Like many in high-end cycling, I started on a lowly mountain bike. I rode that entry-level Trek 3700 so hard I ran out of gears. I knew I needed something more.
I had a need for speed, as we like to say.
When you’re used to riding an entry-level Trek 3700 and you jump to a full-on race bike, it’s hard to describe the exhilaration, the ease of speed. It’s like graduating from an old step-side pickup to a corvette. All of a sudden your average pace goes from 15-mph to 20, with no more effort.
Later down the road, after parts start to wear and wheels fail, the paint chips (or in my case, gets scratched by a careless person at a fun ride with the family) you rebuild that bike you’ve spent so many hours on… the satisfaction when the project is complete is grin-inducing.
Now that’s just the rain bike. Before long, you’ll find you’re powerless against picking up a “good” bike (then upgrading every part you can fit on it). Three pounds lighter and fourteen years newer, a marvel of modern carbon fiber and technological advances… an aerodynamic achievement.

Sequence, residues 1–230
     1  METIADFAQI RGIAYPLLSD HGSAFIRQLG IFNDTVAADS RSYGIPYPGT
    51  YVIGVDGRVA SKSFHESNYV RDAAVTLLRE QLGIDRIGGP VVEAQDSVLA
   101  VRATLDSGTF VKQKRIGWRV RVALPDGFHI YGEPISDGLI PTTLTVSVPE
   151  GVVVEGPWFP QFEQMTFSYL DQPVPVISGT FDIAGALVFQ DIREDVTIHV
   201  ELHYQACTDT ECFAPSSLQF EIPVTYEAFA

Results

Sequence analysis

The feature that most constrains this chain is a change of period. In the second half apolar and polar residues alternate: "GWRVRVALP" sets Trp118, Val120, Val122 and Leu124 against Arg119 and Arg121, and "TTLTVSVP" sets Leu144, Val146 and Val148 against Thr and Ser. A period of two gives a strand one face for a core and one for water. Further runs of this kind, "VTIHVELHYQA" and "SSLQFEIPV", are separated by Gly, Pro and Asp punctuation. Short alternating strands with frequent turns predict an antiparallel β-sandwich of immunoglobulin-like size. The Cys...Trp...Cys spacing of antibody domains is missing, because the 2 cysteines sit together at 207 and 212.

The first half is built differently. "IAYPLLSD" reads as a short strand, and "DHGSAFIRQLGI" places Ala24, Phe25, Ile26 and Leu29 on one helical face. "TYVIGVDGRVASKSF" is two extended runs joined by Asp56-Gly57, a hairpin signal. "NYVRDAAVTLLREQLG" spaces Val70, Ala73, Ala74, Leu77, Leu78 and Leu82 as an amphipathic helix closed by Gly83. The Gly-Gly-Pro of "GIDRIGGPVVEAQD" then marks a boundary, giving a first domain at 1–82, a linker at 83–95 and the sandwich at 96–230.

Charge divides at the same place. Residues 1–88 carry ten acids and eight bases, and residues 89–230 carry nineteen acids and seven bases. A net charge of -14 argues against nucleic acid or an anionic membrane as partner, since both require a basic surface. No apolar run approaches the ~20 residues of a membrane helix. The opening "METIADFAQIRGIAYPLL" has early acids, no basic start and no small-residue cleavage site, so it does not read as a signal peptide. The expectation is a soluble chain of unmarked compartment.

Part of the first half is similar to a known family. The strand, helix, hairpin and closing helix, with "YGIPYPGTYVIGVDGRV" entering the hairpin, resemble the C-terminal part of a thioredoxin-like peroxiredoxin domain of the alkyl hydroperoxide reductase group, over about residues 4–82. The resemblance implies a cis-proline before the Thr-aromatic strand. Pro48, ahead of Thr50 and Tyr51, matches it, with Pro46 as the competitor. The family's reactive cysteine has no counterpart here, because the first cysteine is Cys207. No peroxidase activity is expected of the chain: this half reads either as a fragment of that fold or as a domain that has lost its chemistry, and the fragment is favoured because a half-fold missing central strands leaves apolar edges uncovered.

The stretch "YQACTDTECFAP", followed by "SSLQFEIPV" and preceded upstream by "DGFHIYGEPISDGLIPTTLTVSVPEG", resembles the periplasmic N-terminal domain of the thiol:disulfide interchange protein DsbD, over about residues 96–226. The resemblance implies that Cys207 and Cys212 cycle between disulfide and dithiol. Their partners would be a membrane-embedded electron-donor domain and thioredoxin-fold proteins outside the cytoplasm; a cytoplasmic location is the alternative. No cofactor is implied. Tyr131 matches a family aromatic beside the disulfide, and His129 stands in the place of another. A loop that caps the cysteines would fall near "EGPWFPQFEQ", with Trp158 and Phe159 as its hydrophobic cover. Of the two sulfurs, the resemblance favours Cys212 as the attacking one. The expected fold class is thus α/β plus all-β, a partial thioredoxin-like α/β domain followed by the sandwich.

While the Trek looks very different from what it started out as, my Venge has just as many new parts on it… in fact, with the new chainrings I put on the bike a few weeks ago, the only thing that isn’t original on that bike is the frame, fork and bearings.
While bike p⊗rn is always fun to look at and the toys are fantastic, the best feature of cycling is going to all of those places to take those photos, making memories that’ll put a smile on my face for the rest of my life. Some think spending $10,000 on a few bicycles is nuts. I’d argue I get every penny’s worth out of mine.
I will guarantee you, you won’t get this sitting on the couch: